Recently I had an email exchange with a long-standing reader of this blog. With that person’s permission, I am sharing the conversation here, edited to protect the reader’s privacy. The questions are some that I think many people might ask.
Hi Carl, a very quick question. Is the Jesus Prayer and Christian Meditation (as taught by the World Community of Christian Meditation) basically the same thing and only the ‘mantras’ are different?
Thanks for your question. Actually, I would not say they are the same thing. The method taught by WCCM is similar to an eastern meditation practice — shamatha, or “calm abiding” — but it is a Christian practice, using the Aramaic word maranatha as the mantra. As a type of meditation, it is a practice that stresses attentive presence to silence. By contrast, the Jesus Prayer (“Lord Jesus Christ, son of God, have mercy on me”) which has a long history within Christianity, especially Eastern Orthodox Christianity, involving a more intentional experience of relational prayer, and a conscious awareness of the mind settling in to the heart. So it is more “content rich” than meditation practices like WCCM or Centering Prayer. Again, I’m pointing this out not to judge one or the other, but simply to be accurate and fair in understanding how they really are different methods.
Which one is better? I think that varies from person to person. I would say try both, and see which one seems to be the more spiritually helpful or meaningful for you. Working with a spiritual director can help you in sorting out that discernment process.
Is it okay to “blend” the two? I’m sure in the eyes of God it’s okay, God simply wants us to pray, to attend to Him. But if you are looking to “go deep” in one practice or the other, then I would say it’s helpful to be consistent with that practice’s teaching. If you try to repair a Ford with parts from a Chevrolet, it may not work too well!
Thanks, Carl. The context of the question is I am suffering some anxiety issues at the moment. Are both practices equally effective at helping against anxiety from a physiological point of view?
Actually, for alleviation from anxiety I would probably go first with Centering Prayer or WCCM meditation. The Jesus Prayer can get really intense! Wishing you relief, and many blessings.
Thank you. I’ll take a break from the Jesus Prayer.
As always, trust your own experience, and take my advice as just that: advice, not dogma. But perhaps giving yourself some time with a gentler practice can be a blessing for now.
Thank you. Another question: I really like Richard Rohr’s Yahweh breath prayer. Breathing in on Yah and breathing out on weh. Does this work as centering prayer?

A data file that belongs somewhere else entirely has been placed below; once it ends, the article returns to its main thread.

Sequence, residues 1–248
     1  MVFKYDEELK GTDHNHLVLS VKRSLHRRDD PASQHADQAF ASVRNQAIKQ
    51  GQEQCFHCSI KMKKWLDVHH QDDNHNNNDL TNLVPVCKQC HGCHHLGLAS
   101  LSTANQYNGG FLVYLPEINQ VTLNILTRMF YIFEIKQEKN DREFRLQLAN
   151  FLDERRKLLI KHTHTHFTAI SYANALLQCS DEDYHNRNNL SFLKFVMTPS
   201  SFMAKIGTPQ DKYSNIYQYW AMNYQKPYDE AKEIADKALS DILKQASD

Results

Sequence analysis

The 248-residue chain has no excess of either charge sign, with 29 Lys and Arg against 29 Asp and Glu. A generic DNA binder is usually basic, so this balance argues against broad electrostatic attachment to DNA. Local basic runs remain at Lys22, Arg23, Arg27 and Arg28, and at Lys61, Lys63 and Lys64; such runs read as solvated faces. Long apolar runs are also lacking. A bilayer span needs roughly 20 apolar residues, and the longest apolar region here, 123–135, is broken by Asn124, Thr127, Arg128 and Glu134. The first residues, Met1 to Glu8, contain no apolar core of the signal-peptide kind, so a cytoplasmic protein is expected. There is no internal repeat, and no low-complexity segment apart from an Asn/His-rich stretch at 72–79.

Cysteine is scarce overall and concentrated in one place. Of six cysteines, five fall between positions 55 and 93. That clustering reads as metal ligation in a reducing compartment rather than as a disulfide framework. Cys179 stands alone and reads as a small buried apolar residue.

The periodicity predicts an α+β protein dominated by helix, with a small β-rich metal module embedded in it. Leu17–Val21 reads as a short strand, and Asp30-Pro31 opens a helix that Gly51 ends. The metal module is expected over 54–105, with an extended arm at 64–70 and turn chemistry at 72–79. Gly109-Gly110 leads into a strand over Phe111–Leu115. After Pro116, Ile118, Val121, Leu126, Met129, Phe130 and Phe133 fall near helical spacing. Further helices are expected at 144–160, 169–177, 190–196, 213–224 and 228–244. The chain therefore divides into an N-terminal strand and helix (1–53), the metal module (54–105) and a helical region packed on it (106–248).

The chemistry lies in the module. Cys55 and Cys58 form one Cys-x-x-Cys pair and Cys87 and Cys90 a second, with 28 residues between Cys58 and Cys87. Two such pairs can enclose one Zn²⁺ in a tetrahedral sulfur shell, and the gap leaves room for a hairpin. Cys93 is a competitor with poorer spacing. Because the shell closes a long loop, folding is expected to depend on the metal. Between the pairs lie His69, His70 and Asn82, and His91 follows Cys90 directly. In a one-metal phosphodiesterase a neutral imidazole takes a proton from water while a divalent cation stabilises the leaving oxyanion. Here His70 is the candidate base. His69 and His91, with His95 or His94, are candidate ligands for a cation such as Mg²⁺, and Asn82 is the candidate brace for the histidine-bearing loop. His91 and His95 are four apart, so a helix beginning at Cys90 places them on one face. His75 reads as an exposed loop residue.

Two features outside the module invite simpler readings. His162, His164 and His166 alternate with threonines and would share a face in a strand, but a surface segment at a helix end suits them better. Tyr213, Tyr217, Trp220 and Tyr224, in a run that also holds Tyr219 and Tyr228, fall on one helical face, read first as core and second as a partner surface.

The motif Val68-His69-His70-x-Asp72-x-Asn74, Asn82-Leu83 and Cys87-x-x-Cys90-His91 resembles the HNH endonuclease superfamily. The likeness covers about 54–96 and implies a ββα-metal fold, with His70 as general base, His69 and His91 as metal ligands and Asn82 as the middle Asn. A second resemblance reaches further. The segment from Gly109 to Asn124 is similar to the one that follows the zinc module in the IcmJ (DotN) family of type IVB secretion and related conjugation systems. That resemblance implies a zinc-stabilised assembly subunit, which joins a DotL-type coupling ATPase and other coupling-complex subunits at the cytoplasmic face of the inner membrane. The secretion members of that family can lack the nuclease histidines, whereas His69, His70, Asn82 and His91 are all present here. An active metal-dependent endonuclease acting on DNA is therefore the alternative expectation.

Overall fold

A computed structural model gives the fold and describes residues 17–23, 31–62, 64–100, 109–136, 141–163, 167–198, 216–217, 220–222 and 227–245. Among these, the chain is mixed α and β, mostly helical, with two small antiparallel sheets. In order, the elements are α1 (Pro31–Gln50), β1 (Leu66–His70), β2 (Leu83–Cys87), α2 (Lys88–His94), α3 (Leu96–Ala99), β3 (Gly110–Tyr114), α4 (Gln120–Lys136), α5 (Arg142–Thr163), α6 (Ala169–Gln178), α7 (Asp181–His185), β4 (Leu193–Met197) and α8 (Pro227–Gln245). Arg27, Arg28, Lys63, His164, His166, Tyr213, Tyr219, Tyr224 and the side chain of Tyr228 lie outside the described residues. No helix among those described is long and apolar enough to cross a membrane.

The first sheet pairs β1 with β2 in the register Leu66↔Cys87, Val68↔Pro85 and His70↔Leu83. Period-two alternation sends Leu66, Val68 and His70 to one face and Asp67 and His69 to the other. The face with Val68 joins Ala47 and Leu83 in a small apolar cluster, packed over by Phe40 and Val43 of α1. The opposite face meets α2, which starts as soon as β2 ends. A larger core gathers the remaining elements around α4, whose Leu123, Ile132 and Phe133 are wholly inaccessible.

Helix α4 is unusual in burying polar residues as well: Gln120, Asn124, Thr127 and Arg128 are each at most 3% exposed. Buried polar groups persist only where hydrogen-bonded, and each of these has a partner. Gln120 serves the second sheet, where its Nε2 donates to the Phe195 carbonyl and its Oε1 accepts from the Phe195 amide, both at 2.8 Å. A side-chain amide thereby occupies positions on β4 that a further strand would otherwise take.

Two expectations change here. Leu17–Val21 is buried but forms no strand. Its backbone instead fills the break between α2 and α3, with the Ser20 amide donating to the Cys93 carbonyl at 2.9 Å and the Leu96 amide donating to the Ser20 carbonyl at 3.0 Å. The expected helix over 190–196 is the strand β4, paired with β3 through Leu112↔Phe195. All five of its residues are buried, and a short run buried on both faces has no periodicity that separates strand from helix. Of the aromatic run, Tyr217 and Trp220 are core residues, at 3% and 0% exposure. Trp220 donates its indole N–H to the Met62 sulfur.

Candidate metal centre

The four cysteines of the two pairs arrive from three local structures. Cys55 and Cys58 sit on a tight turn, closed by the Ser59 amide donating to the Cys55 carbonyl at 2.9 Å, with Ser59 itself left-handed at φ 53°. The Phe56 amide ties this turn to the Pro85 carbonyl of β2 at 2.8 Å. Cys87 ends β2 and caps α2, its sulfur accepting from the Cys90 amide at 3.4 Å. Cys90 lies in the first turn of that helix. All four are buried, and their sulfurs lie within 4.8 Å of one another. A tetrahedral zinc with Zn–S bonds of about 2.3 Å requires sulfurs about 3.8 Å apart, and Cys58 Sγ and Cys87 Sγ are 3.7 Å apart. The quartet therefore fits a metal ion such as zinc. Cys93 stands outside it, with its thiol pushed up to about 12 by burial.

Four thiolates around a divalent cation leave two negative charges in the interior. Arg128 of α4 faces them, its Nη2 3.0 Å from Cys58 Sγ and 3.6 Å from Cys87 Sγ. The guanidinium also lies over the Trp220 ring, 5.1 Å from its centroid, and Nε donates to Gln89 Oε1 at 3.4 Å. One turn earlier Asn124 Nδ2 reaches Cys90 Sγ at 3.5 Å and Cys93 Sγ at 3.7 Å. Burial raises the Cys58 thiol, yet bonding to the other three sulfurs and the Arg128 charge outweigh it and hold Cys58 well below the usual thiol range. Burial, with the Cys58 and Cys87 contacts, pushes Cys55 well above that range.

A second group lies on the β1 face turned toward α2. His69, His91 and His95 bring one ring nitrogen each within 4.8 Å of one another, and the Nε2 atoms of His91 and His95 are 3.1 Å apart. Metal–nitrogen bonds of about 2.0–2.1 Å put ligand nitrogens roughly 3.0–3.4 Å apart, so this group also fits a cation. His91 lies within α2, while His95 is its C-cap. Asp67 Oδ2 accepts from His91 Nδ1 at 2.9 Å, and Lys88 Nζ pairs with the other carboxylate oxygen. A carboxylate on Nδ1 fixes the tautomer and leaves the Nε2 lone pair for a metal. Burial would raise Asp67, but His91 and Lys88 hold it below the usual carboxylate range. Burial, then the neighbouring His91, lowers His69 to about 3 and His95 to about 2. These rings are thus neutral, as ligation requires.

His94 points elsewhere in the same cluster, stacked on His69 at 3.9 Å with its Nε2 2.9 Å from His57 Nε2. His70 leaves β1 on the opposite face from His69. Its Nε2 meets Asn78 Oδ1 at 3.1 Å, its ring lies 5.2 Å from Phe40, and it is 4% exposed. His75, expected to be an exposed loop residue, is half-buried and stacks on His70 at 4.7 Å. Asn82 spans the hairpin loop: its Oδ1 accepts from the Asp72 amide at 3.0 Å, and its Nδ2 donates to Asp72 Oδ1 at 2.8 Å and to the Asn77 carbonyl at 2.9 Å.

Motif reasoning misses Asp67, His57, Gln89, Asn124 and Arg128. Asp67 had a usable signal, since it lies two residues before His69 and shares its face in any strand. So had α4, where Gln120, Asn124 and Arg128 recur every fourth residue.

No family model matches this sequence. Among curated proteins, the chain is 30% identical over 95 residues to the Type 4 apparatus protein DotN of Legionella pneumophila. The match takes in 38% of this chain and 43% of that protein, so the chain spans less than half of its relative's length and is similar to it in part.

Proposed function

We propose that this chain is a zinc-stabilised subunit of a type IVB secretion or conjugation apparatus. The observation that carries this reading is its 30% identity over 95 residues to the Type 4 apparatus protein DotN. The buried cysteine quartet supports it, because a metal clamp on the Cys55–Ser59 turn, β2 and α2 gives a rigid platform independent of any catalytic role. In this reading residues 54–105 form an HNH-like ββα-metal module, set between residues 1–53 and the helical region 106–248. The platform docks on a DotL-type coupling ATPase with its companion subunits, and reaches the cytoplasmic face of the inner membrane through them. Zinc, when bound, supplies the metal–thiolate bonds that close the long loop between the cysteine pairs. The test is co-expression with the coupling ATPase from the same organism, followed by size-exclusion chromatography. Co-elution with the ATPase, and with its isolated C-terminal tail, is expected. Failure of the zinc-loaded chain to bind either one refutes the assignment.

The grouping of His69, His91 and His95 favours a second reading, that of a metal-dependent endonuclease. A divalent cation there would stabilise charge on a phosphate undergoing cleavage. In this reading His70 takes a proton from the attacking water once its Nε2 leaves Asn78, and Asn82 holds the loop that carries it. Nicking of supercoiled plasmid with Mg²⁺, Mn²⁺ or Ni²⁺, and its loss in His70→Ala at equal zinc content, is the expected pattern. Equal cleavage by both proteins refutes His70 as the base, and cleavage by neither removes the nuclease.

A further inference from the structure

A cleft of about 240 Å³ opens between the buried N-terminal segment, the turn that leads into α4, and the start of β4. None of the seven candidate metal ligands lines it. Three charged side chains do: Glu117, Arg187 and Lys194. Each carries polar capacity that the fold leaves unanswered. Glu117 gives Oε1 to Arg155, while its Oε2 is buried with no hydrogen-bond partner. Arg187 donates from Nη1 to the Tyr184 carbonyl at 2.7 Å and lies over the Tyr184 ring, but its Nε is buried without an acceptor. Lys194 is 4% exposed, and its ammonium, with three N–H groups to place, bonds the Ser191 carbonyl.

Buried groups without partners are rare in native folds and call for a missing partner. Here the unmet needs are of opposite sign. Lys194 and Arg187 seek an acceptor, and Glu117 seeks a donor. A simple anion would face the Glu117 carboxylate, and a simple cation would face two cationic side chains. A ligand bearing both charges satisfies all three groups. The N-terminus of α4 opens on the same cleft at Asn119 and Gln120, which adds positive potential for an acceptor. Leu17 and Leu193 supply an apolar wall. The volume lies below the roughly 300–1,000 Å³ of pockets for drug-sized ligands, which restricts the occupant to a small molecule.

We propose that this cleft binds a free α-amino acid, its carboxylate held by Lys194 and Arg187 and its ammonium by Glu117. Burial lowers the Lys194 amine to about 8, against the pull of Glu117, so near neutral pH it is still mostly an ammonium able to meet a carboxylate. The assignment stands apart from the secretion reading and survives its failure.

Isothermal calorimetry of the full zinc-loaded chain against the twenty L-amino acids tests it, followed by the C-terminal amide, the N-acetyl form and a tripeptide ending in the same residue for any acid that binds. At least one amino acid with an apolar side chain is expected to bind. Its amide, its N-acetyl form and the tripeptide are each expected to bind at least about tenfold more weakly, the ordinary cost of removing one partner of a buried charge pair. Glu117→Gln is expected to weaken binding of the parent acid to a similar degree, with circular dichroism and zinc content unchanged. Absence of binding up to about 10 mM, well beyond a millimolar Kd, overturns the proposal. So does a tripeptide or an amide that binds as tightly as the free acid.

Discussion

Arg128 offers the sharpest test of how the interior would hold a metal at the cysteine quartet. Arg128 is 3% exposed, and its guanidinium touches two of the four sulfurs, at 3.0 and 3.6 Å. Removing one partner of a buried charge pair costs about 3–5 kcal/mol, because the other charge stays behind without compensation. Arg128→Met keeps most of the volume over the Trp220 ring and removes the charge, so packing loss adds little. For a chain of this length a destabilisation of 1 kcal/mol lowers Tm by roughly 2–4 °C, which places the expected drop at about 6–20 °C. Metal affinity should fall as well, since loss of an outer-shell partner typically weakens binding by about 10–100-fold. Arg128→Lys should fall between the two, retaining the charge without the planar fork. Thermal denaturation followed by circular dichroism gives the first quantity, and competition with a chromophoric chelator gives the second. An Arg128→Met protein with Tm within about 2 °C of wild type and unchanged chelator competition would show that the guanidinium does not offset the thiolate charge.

To answer your question, let me first offer another perspective. Maybe you’re over-worrying about trying to understand the differences and similarities between the different methods of silent prayer. I would encourage you to simply do the types of prayer that you feel drawn to, and not worry so much about whether it’s the same thing as other forms of prayer.
Having said that, I would not call Rohr’s Yahweh/breath prayer “Centering Prayer,” because the instructions are different. Rohr’s breath prayer is closer in methodology to WCCM’s approach. But again, I’d suggest you let each one just be its own thing.
What makes Centering Prayer unique is that the method includes using a sacred word, but only when you’re conscious of distractions. If you find yourself resting in the silence, even the sacred word can fall away. That’s different from Rorh’s or WCCM’s approach, which involves continuing to work with the mantra or the word “Yahweh” even when you are resting in deep silence.
Thanks Carl… I did the Yahweh meditation this morning and it resonates with me. I guess I just want to make sure it’s a valid practice… The perfectionist in me wants everything to be be valid and perfect!
There are so many ways to pray. I trust Richard, and the Rabbi he learned it from! But the real question always is, do I have a sense that this prayer is helping me to grow in my relationship with God? That’s the key, because a prayer may be valid but that doesn’t make it the right prayer (for you!).
One more question for you. I have recently discovered a spiritual teacher on YouTube that I really like, but he is not a Christian. Is it ok to listen to people who are not Christian? I found a lot of what he said helpful right now. But I’m worried I’ll spiritually confuse myself.
I personally think it is okay to listen to non-Christians, because everyone is created in the image and likeness of God. So of course we can find wisdom and insight and inspiration even from those who do not share our belief system.
Of course, the other side of this is to listen/read everyone — whether Christian or non-Christian — with discernment. Sometimes Christians make mistakes. And sometimes non-Christians do too. We need to keep our minds open to learning, and to discerning. Remember the old saying, “Don’t believe everything you read (or hear).” This is true regardless of the source, Christian or non-Christian. if we can be open-minded but discerning, then we are in the best position to learn broadly but also to be careful and intentional about maintaining our deep faith commitment.
Updated 8/19/21: description of WCCM’s Christian meditation practice edited to clarify the nature of its affinity to eastern forms of meditation. Thanks to a reader who wrote the following to me: “Christian Meditation is based on the teachings of the Desert Fathers, particularly St John Cassian… The originator of WCCM, Fr John Main — when a laymen — was introduced to meditation by a very holy Hindu man. In fact, on entering the seminary, John Main was told “that is not prayer” and out of obedience he dropped the practice. Some years later, to his joy, he discovered mantra meditation did have a long Christian tradition via the Desert Fathers.”